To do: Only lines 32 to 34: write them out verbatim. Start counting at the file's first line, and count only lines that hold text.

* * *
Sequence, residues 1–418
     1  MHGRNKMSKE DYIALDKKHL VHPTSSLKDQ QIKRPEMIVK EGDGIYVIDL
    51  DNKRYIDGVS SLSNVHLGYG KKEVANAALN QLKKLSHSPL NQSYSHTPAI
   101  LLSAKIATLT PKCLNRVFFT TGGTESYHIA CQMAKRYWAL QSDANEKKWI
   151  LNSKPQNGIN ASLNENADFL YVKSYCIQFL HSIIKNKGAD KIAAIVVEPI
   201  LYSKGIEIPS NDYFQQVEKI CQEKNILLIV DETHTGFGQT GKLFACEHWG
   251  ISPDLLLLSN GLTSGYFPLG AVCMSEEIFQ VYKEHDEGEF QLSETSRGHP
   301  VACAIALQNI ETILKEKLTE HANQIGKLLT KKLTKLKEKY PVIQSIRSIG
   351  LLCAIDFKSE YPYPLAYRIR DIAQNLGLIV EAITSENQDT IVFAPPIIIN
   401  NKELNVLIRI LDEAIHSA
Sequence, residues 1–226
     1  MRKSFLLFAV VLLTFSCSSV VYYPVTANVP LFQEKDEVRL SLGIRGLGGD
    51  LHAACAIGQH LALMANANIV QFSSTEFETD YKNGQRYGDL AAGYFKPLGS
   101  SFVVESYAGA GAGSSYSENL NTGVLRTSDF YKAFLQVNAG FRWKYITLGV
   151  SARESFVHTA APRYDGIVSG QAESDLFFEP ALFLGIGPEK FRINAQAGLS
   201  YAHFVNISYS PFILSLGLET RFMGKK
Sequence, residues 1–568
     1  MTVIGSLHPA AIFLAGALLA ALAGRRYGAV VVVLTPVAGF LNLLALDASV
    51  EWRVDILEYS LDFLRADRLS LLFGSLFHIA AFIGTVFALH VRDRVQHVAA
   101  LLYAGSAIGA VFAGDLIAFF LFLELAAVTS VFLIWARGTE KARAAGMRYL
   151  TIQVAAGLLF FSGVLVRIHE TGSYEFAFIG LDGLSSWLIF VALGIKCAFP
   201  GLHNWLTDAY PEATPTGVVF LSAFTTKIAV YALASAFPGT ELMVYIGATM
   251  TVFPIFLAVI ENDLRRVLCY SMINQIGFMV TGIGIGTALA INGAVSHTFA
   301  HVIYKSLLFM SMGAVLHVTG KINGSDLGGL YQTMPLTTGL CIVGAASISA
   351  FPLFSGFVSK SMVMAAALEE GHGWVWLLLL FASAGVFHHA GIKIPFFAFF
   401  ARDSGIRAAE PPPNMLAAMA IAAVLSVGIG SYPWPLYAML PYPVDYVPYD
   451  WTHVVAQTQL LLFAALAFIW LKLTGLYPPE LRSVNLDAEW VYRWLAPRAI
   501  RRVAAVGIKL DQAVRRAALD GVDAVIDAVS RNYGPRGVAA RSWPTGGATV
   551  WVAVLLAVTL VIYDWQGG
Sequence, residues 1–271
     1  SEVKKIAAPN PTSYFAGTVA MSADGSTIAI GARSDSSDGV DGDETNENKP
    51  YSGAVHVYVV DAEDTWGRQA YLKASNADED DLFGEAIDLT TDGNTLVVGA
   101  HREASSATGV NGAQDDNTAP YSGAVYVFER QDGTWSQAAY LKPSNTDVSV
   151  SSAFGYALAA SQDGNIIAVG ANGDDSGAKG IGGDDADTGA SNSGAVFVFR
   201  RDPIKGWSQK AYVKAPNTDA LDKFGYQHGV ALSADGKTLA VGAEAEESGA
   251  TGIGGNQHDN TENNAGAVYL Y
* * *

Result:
    51  YSGAVHVYVV DAEDTWGRQA YLKASNADED DLFGEAIDLT TDGNTLVVGA
   101  HREASSATGV NGAQDDNTAP YSGAVYVFER QDGTWSQAAY LKPSNTDVSV
   151  SSAFGYALAA SQDGNIIAVG ANGDDSGAKG IGGDDADTGA SNSGAVFVFR